Global Climate Leadership Review 2012

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The Climate Institutes Global Climate Leadership Review 2012 positions Australian climate policy in a global context. It aims to elaborate on the implications of global climate diplomacy and domestic actions for Australia.The overarching theme of this flagship project is leadership. The Global Climate Leadership Review identifies which nations are currently leading the low carbon economy, who is leading the international negotiations and provides an annual case study of where Australia can show leadership.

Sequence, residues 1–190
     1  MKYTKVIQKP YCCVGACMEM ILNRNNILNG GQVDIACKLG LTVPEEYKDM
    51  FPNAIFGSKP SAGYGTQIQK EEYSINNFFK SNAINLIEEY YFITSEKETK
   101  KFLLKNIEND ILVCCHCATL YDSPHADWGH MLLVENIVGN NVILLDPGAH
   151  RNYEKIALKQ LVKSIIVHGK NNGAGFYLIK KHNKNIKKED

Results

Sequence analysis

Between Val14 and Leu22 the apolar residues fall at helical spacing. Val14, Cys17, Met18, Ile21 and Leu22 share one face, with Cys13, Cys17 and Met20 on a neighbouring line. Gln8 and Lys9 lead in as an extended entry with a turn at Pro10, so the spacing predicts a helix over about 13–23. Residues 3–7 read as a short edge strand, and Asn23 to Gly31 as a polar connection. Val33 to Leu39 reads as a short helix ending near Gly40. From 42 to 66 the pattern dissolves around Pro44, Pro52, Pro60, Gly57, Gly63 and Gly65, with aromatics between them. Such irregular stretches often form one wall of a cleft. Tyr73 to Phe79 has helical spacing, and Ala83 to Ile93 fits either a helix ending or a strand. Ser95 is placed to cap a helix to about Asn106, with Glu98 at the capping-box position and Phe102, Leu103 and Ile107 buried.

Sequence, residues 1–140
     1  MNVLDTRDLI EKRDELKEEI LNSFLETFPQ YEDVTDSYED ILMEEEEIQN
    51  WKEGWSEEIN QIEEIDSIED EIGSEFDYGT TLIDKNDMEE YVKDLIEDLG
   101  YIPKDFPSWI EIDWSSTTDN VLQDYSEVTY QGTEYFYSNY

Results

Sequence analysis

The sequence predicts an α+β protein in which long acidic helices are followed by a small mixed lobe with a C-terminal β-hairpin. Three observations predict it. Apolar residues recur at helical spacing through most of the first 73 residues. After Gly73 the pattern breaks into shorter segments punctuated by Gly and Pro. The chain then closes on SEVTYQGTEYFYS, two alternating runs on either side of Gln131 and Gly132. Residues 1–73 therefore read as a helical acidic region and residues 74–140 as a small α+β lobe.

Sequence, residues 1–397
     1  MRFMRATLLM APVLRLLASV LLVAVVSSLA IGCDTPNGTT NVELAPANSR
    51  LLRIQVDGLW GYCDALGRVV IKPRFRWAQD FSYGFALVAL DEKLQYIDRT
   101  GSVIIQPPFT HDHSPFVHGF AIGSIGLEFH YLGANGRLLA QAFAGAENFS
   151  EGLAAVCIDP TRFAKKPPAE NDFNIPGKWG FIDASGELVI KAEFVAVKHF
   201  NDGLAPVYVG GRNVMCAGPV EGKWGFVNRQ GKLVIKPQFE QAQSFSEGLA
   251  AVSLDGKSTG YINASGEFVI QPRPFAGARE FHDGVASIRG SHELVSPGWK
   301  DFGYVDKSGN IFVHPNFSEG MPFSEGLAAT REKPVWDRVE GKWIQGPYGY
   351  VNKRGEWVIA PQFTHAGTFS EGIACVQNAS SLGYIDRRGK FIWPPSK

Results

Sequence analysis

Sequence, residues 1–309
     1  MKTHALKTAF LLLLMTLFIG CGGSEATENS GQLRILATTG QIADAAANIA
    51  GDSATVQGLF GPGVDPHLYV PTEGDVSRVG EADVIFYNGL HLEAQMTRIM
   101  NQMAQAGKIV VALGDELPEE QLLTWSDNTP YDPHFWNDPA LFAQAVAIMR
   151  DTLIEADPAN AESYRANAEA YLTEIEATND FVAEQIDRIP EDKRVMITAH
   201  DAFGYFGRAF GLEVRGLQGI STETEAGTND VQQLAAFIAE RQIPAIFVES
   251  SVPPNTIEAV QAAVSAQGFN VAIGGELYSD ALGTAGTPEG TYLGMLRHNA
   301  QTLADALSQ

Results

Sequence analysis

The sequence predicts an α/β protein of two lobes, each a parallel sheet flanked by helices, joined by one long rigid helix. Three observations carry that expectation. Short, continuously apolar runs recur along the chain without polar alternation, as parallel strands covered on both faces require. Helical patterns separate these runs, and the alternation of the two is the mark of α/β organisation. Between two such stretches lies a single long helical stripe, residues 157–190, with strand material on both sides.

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<ul><li>1.TheClimate graphic cover slide InsertInstitute sort of contact details List some Global Climate Leadership Review 2012 11</li></ul> <p>2. Global Review 2012 IntroductionThe Global Climate Leadership Review is an annual report produced byThe Climate Institute and is the first flagship project of 2012.The report puts Australia in the global context:+ Who is leading the low-carbon economy?+ Who is leading international cooperation?+ Where can Australia lead?www.climateinstitute.org.au/global-review2 3. Key Findings3 4. ContextGlobal investments in clean energy now compete with fossil fuels.Note:Investment for new-buildfossil fuel calculatedfrom Energy InformationAdministration &amp;International EnergyAgency data, cleanenergy is derived fromBloomberg New EnergyFinance totals.IN PARTNERSHIP WITH4 5. ContextMany countries are linking climate change and economic growth strategies.Percentage of climate change related spending in initial economic stimulus packages in individual countries. 5 6. Carbon price 2012-15, globallyContextAustralias carbon price is not excessive compared to other nations. 6 7. Low-Carbon CompetitivenessThe Climate Institute/GE Low-Carbon Competitiveness Index measuresthe current capacity of each country to be competitive and to generatematerial prosperity for its residents in a low-carbon world.2009_ 2012_Quantitatively ranked G20 countries Updated Index and analysis of the progress countrieshave made since 1995The Index takes a unique approach: IN PARTNERSHIP WITHvariables are selected based on their statisticalcorrelation with carbon productivity (CO2/GDP) 7 8. LCCI methodology Low-Carbon CompetitivenessThe Low-Carbon Competitiveness Index is made up of 19 indicators grouped into 3 categories. 01. Sectoral Composition 02. Early Preparation 03. Future Prosperity These variables reflect that These indicatorsThese indicators contribute economies which have a morereflecting the steps that towards prosperity today and emissions intensive structurecountries have alreadywill also be important in a will face a greater challenge in taken to move towards a carbon-constrained remaining competitive in a low carbon economy e.g. future, e.g. high educational carbon constrained world e.g.investment in sustainable expenditures and investment carbon-intensive electricity and energy businesses in physical capital transport sectors 8 9. Low-Carbon CompetitivenessKey Findings+ France, Japan, the United Kingdom, South Korea and Germany are the bestpositioned in a low carbon global economy.+ Australia is among the lowest ranked countries, ranked lower thanRussia, Argentina, South Africa, the US and Saudi Arabia.+ Australia ranked 16th and is the worst performing advanced economy amongthe G20. It is the only country whose rankings have not improved since the2009 ranking.www.climateinstitute.org.au/lcci 9 10. Countries that perform well recognise the link between economic, resource security and climate change policies.Australia is the only G20 country that has gone backwards since 1995. 10 11. High-Speed Low-Carbon FranceTransportElectricity SupplyEnergy EfficiencyCarbon Trading+ Expected to spend+ Mandatory renewable + Government-mandated+ Participant in EUUS$37 billion by 2020energy target of 23%energy efficiency target emissions tradingon public transportof final consumptionand trading scheme scheme+ Standards to limit new by 2020 + A minimum of 9% total+ Committed to reducingcar emissions to 95+ Technology-specific energy savings overemissions by a factorgCO2/km by feed-in tariffs and the period 2008-16 of 4 (a 75% reduction)2024, compared to 155ongoing investment+ Reduction of energy+ The OECD has foundgCO2/km in Australia in nuclear energy and demand in buildings by Frances environmental+ Penalty and incentivesmart grids.38% by 2020, at whichtaxation generatessystem for the point all new buildingsrevenue equivalent topurchase of new cars will be zero-carbonaround 1.8% of GDPbased on emissions 11 12. International CooperationDurban Outcomes+ Agreement to negotiate legal agreementcovering all major emitters+ Further implementation of Cancun Agreements,e.g. Green Climate Fund+ Agreement to increase ambition+ Agreement on new Kyoto Protocol targets 12 13. International CooperationOther Factors+ Domestic actions buildinginternational confidence+ Chinas willingness to accept bindingcommitments post 2020+ EU, AOSIS and LDC formingcoalition of ambitionAnyone can see that we cannot deal with the challenges of the21st century with a growth model from the 19th and 20th century.Connie HedegaardEuropean Commissionerfor Climate Action 13 14. Australian Leadership+ Clean Energy Future package With the Clean Energy Future package the carbon productivitybroadly keeps pace with global trends. Without thecan get the economy movingpackage, Australia increasingly falls behind.in the right direction with other Emissions intensity of global and Australian GDP to 2050G20 nations+ Key Next Steps:+ National energy savingsinitiative+ Clean Energy FinanceCorporation+ disclosure of climate risksSource: Treasury, 2011 14 15. Australian Leadership+ Whether Australia accepts a new and credible Kyoto target will be amajor test in 2012+ Not accepting a new Kyoto target is against Australias national interest:+ Undermines efforts towards new agreement that covers all major emitters+ Reduces Australian influence and undermines national policy goals (e.g.carbon markets) 15 16. Australian LeadershipRegional Emissions Trading Coalitions+ Marginal benefits in linking with EU+ Create a system to:+ incentivise developing countries to bet pledges+ Increase advanced economy ambition+ Road-test new market mechanisms+ Strategic focus on:+ Indonesia and South Korea+ Exclude REDDWorker at an Indonesian geothermal plant 16 17. Australian LeadershipDeveloping CountriesDeveloped Countries 17 18. ConclusionsTo remain competitive in a future carbon-constrained world, Australiawill need to turn into a lower-carbon economy. Marius Kloppers CEO, BHP Billiton+ Australia is not immune to global trends+ Australia is the only G20 country that has gone backwards on itslow-carbon competitiveness since 1995+ Australias Clean Energy Future package represents real progresswhen implemented fully+ To boost global ambition, Australia needs stronger pollutionreductions, new Kyoto commitments, and creative linkages of ourmarket with others 18 19. Report partnersProject PartnersKey Partner Project PartnersThe Climate Institute would also like to acknowledge Vivid Economics, the British HighCommission and World Resources Institute for their support. 19 20. More Informationwww.climateinstitute.org.au/global-review 20 </p>